Pakistan party chief investigated for issuing threats: Officials
Pakistani police have begun investigating the chief of Karachi`s main political party over threats he allegedly made toward law enforcement agencies after a raid on the party`s headquarters last week.
Islamabad: Pakistani police have begun investigating the chief of Karachi`s main political party over threats he allegedly made toward law enforcement agencies after a raid on the party`s headquarters last week.
The charges are related to comments made by Altaf Hussain, who leads the Muttahida Qaumi Movement (MQM) from self-imposed exile in London, after paramilitary rangers raided the party`s offices where they seized a "huge quantity" of weapons and arrested activists, including one accused of murdering a journalist.
The raid, in which one activist was killed, sparked an angry response from the party with workers shutting down large parts of Pakistan`s biggest city.
In an interview with the private TV station Geo, Hussain condemned the raid and made what the paramilitary Rangers force said were veiled threats against them.
"The officers that raided my house, they belonged to the Rangers. They were, and they are now, the past," he said according to an official complaint registered by the paramilitary force.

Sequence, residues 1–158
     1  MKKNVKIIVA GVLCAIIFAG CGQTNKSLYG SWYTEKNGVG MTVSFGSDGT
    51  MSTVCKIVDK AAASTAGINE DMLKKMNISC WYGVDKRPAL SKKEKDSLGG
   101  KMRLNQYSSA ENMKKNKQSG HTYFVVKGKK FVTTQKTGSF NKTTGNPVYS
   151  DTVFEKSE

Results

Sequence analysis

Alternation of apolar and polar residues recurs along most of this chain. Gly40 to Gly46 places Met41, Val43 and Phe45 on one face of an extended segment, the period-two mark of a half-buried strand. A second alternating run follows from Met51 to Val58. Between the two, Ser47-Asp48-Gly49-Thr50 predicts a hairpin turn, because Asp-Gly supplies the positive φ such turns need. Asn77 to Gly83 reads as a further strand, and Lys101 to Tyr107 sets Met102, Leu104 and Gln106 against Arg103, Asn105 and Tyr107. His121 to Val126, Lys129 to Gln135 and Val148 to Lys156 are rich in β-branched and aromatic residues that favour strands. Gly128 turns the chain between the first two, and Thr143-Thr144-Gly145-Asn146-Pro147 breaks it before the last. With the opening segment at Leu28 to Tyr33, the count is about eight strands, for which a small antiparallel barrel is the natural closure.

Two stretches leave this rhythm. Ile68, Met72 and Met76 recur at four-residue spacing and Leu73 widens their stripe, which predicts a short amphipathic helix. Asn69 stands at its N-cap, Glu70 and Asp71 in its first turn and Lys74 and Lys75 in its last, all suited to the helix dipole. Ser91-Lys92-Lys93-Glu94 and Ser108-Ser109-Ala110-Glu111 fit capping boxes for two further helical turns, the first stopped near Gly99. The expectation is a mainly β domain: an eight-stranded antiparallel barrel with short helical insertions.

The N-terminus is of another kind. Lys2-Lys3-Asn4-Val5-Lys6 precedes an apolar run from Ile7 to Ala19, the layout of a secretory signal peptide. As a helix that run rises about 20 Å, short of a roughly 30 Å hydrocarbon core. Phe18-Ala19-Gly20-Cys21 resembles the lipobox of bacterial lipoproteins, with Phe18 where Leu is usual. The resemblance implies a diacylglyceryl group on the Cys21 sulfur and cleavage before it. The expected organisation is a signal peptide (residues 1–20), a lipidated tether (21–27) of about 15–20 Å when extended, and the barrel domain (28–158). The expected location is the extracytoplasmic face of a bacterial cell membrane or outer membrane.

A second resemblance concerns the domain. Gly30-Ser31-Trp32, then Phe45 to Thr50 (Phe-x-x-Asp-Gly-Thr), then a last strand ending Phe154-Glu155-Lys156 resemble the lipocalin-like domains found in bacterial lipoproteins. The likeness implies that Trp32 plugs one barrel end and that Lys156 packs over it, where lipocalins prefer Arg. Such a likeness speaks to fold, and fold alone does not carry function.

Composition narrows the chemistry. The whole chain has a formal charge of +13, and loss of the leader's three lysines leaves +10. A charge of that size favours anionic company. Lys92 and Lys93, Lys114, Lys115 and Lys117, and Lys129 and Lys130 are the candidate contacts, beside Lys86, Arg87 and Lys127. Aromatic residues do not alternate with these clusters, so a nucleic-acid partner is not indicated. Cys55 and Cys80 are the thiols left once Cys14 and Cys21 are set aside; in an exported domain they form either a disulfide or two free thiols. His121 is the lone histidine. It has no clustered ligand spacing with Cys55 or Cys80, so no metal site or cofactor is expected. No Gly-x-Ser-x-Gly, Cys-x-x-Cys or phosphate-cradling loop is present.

Police officer Tariq Dharejo told AFP Tuesday that his force had registered anti-terror charges against the party chief.
But the charges are not thought likely to yield immediate action or extradition requests against Hussain, who has lived in London since fleeing a military operation against his party in 1992 and is a British citizen.
The 61-year-old remains a highly influential figure in Karachi, Pakistan`s economic centre and main port, though observers believe his grip on power is gradually diminishing in his absence and his party is no longer the force it once was.
He was arrested in June last year by British police on suspicion of money laundering charges, but later released on bail, leading to speculation that his once cosy ties with London -- who viewed his party as a bulwark against Taliban terrorism -- could be fraying.
According to sources in the law department of Sindh province, which surrounds Karachi, there were 72 cases against Hussain including 31 of murder and a total of 3,800 cases against MQM before 2007. These cases were withdrawn by the government after former military ruler General Pervez Musharraf announced a general amnesty in 2007.
However, the party said that all the cases against Hussain were disposed off by the courts of law after due legal course.